Indonesia’s economic growth may accelerate to 7 percent from 2011, providing a case for its inclusion in the so-called BRIC economies along with Brazil, Russia, India and China (BRIC), Morgan Stanley said.
A win for Indonesian President Susilo Bambang Yudhoyono in the July 8 elections as projected by polls may help attract investors. Political stability and buoyant domestic demand will help boost expansion in the US$433 billion economy, Morgan Stanley said in a report dated last Friday which compares Indonesia with India.
Southeast Asia’s largest economy may grow 60 percent in the next five years to US$800 billion due to a stable administration, lower capital costs and a plan to spend as much as US$34 billion to build roads, ports and power plants by 2017, Morgan Stanley said.
Inclusion in the BRIC nations may increase Indonesia’s standing among developing countries as they seek more influence over global financial policies.
“What this means for the investor community is that they need to need to look at this asset class more seriously,” Chetan Ahya, a Singapore-based economist at Morgan Stanley, said in an interview yesterday.
Political stability, improved government finances and “a natural advantage from demography and commodity resources are likely to unleash Indonesia’s growth potential,” Ahya said.
Indonesia may expand as much as 4 percent this year, making it the fastest-growing major economy in Southeast Asia, the IMF has said. Morgan Stanley expects 3.7 percent growth this year.
Yudhoyono may win an overall majority in next month’s election, polls show. His Democrat party won more than 25 percent of seats in parliamentary elections this year, becoming the only party to be able to nominate a presidential candidate without seeking outside support.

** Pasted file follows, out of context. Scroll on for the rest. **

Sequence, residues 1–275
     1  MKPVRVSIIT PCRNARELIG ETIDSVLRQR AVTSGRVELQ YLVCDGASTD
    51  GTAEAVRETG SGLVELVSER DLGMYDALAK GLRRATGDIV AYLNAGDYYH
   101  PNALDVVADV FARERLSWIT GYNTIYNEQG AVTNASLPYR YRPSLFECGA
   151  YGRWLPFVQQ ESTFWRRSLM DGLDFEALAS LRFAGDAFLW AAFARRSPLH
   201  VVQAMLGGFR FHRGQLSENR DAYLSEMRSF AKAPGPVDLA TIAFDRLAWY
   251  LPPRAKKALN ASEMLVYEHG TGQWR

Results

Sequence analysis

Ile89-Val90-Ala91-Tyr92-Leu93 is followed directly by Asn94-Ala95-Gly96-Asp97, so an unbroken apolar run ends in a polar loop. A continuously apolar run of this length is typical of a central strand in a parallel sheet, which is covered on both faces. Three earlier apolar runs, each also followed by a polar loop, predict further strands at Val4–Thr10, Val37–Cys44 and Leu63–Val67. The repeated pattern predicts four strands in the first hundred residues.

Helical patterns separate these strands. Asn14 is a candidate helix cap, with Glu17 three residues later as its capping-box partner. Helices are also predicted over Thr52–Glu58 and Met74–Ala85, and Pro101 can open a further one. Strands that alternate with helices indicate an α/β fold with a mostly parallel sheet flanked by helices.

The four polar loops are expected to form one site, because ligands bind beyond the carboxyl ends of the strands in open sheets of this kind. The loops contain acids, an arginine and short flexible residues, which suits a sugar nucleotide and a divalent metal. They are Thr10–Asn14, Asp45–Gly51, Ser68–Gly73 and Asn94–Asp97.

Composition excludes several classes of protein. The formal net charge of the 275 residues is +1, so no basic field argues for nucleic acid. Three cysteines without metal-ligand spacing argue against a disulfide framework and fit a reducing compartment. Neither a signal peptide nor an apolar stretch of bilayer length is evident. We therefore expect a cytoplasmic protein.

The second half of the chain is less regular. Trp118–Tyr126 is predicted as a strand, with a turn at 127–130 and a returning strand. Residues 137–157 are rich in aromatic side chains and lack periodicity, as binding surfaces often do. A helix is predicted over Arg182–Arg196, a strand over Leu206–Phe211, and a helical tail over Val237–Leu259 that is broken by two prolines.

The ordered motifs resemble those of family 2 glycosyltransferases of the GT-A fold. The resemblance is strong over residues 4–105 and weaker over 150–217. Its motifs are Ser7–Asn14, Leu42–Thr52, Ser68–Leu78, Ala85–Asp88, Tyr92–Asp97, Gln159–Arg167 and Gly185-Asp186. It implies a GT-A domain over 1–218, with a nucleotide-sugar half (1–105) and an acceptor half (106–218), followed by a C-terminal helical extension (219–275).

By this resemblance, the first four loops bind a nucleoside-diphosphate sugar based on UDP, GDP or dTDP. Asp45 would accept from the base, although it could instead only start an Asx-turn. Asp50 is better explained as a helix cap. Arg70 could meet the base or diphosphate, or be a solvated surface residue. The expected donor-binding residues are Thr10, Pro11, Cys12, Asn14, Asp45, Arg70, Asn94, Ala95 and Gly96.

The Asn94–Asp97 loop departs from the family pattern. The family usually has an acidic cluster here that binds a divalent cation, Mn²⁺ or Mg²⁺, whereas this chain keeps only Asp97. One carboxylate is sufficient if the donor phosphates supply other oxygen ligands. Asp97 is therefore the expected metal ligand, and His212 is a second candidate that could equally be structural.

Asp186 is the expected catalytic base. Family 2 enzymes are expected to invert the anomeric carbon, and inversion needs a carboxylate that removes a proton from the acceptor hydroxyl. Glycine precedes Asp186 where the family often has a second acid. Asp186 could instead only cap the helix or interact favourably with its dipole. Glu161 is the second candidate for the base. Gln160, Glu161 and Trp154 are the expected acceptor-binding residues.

This year’s parliamentary election results “suggest continued stability in this democratic political framework and is a critical factor in unleashing Indonesia’s growth potential,” Ahya said. “Coincidently, the India story has also recently been given a ‘fillip’ from the strong political mandate of the Congress-led coalition in the 2009 general elections.”
The Congress party of Indian Prime Minister Manmohan Singh’s won the most seats in parliament since 1991 in last month’s polls.
Leaders of the BRICs nations may use their first summit today to press the case that their 15 percent share of the world economy and 42 percent of global currency reserves should give them more influence over policies.
Developing countries say their votes in the IMF don’t reflect the shift in economic power.
Brazil, the world’s 10th-largest economy, has 1.38 percent of the IMF board’s votes, less than Belgium’s 2.09 percent, an economy one-third the size.
The BRICs may overtake the combined US$30.2 trillion GDP of the G7 nations by 2027, said Jim O’Neill, the London-based Goldman Sachs Group Inc chief economist who coined the term in a 2001 report. That is a decade sooner than he had forecast.
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